Many freelance writers have a variety of clients and work as generalists, writing about several different topics. Others have a few lucrative clients or specialize in niche areas. Typically, specialized writers earn more money.
Many companies hire freelance writers because they only need one or a few projects done. Hiring a writer on a contract or per-project basis is less expensive than hiring a full-time writer. Other companies that don’t have a fixed location may also hire freelancers. This gives them the advantage of not having to hire local writers and being able to cast a wide net, sometimes even internationally, in a search for talent.
Freelance writing and freelancing, in general, are on the rise. A 2017 study by Upwork predicted that freelancers will account for the majority of U.S. employees by 2027. The freelance economy has grown because of several factors, including new technologies that make it easier to find work, the demand for more flexible work arrangements, and employers’ demand for contract workers.
The million-dollar question, though: Can you make a decent living as a freelance writer? It depends.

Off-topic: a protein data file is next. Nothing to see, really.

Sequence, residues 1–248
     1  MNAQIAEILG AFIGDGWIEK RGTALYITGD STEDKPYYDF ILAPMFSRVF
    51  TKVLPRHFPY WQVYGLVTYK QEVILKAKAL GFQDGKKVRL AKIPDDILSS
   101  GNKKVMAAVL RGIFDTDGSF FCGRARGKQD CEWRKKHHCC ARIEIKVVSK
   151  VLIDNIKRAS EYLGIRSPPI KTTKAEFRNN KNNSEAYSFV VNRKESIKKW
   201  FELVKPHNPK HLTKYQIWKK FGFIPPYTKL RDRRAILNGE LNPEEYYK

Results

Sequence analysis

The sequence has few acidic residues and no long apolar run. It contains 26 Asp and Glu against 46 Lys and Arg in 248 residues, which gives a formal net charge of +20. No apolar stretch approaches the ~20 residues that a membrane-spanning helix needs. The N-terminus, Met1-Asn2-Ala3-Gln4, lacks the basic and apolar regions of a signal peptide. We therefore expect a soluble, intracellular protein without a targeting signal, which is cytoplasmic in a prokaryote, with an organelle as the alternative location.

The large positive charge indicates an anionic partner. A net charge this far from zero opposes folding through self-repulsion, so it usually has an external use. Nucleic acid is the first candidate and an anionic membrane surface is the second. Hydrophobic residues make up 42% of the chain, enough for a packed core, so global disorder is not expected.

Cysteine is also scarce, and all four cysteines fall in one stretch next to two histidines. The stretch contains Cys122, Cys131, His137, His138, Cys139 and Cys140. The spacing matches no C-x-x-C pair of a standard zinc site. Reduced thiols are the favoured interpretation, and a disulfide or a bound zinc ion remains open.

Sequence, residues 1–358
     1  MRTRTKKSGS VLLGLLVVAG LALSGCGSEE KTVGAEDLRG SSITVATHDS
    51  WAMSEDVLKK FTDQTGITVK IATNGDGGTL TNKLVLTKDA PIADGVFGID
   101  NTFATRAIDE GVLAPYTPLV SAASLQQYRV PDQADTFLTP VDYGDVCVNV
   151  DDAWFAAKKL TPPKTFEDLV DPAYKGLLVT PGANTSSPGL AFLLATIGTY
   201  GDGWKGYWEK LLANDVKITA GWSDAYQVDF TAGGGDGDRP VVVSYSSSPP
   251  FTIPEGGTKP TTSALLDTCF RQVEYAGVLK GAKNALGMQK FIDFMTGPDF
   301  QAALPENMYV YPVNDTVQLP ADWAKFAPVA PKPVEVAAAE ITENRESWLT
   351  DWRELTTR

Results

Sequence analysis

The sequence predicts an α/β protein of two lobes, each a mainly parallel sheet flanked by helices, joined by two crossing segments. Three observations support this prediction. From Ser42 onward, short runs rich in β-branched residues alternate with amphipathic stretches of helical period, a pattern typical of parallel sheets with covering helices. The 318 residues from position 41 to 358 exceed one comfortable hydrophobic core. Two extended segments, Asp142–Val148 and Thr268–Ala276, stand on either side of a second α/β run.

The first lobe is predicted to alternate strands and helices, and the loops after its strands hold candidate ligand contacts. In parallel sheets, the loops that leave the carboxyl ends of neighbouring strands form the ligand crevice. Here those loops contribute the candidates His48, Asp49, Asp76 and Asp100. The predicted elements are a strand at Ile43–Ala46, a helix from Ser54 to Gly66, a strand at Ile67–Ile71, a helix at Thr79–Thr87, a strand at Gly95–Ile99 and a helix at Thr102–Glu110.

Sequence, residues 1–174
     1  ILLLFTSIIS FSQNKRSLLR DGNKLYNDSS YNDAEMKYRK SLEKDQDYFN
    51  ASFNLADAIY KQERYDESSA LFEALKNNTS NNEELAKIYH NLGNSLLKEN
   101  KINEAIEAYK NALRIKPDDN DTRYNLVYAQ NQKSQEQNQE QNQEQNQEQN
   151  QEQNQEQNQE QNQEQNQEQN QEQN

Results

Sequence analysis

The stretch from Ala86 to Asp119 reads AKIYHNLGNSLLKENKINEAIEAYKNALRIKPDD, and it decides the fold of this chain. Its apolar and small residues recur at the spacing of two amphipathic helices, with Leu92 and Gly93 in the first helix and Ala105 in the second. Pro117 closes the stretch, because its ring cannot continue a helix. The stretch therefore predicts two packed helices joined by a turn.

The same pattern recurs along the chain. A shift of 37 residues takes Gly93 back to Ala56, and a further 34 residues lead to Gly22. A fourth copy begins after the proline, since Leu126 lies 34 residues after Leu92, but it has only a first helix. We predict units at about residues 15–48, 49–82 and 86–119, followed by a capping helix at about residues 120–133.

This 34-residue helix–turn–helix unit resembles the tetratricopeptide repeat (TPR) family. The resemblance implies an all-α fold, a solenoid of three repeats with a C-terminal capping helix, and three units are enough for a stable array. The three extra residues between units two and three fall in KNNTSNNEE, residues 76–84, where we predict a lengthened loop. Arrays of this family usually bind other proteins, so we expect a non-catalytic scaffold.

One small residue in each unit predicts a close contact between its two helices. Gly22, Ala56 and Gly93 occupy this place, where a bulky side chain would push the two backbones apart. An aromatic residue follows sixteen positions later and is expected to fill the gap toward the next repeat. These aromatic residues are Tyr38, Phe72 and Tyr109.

According to PayScale, a part-time freelance writer earns between $24,000 and $115,000 annually. That’s a wide range, but we’ve found it to be true. Freelancers can make a high income, but it depends on a several factors.
One crucial factor is what niche or industry you specialize in. For example, financial writers earn a mean salary of about $86,000 annually, according to figures from the Bureau of Labor Statistics. Medical writers also make good money, as some statistics estimate that even part-time medical writers earn an average hourly rate of between $60 and $70.
Pros and Cons of Freelancing
Making a living as a freelance writer is tough, and it’s not as glamorous as some imagine it to be. But there are several benefits to freelance writing.